Minding the caveat that fluid events are fluid and thus subject to flowing to unexpected places, it looks like Harry Reid and Mitch McConnell are a hair's breadth from a deal to reopen the government and extend the debt limit for several months.
If they ink it today, they can probably pass it before Thursday, at which point the Treasury Department will run out of headroom under the debt limit and the country will be at the mercy of its lenders.
That raises a troubling question: What the hell happens in the House?
You may have noticed things over there aren't exactly spinning like a top. And yet the fate of the country will soon be in the hands of its leaders. Is there any reason to believe the House won't biff it?
Unfortunately, the only evidence we have to go on is that John Boehner has never explicitly invoked the Hastert Rule over the debt limit and government funding bills (like he has over, say, immigration reform), and he's publicly foreclosed on allowing the country to default. Everything else is extrapolation.
It stands to reason that GOP dead-enders will oppose any bipartisan deal -- they're serious about this extortion business -- and might even threaten to defrock Boehner if he defies them. But as weak as his control of the House is, Boehner's still officially the speaker -- and as long as he's officially the speaker, he controls the floor.
The logical leap (really, the assumption) everyone's making is that Boehner will put the Senate plan on the floor before midnight, rather than kowtow to the dead-enders to preserve his speakership. There are almost certainly 217-plus votes in the House for any deal that comes out of the Senate, which means we'll only crash through the debt limit deadline if Boehner chooses to let the country default the same way he chose to shut down the government.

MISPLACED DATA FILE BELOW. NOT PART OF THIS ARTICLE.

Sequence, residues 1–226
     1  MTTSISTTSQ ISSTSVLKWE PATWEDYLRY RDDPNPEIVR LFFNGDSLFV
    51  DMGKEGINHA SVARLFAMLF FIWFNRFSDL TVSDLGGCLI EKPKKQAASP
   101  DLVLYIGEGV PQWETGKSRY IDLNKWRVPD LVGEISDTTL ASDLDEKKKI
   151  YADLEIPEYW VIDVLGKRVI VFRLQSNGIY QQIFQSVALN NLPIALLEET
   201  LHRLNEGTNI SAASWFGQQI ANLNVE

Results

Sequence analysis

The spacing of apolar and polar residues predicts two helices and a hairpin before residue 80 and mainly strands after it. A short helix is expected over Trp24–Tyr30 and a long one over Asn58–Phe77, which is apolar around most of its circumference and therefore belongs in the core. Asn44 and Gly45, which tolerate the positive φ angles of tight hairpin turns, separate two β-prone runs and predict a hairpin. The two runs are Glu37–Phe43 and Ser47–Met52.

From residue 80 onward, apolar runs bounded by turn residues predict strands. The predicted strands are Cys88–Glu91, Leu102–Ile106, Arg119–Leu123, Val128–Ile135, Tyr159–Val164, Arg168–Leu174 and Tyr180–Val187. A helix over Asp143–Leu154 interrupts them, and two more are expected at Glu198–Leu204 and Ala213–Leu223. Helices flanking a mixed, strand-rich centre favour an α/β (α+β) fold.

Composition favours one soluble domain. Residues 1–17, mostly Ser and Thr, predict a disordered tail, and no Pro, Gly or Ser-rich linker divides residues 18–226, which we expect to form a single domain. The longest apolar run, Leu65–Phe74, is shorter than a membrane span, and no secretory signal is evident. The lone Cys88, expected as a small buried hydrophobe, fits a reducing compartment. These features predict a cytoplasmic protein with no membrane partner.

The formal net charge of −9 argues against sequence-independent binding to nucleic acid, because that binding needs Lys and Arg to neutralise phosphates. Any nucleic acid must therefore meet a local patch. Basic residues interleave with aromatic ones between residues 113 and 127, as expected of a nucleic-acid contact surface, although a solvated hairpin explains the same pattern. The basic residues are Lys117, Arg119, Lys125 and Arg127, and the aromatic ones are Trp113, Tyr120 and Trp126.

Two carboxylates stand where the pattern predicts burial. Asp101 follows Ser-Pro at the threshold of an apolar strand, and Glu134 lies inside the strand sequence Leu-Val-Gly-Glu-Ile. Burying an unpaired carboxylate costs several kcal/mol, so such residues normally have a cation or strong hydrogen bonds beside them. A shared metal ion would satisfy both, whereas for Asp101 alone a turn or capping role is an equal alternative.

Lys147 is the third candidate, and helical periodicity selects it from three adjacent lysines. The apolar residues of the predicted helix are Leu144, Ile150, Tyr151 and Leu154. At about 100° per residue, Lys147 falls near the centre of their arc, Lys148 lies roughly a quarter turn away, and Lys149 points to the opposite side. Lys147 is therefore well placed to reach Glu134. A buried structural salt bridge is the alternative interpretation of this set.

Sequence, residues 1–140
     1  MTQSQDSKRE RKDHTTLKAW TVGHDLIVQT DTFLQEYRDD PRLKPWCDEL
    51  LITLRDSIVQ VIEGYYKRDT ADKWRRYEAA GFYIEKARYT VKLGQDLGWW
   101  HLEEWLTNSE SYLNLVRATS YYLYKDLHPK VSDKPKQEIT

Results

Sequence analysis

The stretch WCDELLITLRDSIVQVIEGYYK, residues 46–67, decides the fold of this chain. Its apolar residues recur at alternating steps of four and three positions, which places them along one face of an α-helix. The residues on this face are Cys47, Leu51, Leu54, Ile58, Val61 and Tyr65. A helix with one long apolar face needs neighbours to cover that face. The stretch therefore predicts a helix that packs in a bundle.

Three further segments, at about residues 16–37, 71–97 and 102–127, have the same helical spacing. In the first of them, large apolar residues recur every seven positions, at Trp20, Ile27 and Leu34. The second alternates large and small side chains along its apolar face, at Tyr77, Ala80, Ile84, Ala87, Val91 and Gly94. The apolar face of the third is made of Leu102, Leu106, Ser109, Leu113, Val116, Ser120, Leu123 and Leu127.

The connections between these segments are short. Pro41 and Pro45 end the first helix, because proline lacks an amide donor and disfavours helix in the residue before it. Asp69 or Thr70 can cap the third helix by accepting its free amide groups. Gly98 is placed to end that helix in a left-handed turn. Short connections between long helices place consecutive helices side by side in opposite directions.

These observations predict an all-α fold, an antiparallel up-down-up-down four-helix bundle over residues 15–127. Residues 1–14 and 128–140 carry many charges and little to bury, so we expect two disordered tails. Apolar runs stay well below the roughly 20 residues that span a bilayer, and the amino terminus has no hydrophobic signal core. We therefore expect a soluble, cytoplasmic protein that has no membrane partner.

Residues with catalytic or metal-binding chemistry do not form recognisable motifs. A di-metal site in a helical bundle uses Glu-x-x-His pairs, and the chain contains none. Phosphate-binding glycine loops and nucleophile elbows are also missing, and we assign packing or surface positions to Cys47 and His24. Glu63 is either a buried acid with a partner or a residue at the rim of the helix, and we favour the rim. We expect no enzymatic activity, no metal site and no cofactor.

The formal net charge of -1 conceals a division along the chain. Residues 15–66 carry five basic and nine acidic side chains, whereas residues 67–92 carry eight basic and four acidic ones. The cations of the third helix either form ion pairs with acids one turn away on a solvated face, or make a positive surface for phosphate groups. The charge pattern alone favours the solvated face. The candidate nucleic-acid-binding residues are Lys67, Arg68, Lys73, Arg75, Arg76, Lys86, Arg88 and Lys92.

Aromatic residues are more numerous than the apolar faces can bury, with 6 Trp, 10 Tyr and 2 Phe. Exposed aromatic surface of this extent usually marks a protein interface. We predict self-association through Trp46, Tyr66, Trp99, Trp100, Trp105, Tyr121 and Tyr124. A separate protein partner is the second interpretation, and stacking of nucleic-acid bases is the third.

That would be a truly ignominious act. The operating assumption at the White House -- and I think basically everywhere -- is that Boehner's self-dealing enough to shut down the government for personal reasons, but not to blow past the debt limit. He might futz around ahead of the deadline, try to send the bill back to the Senate with riders that the Senate will strip and go a few rounds of ping-pong like he did on September 30.
But when time's up, he'll put the Senate plan on the floor and get out of the way. It looks like that assumption is about to be tested.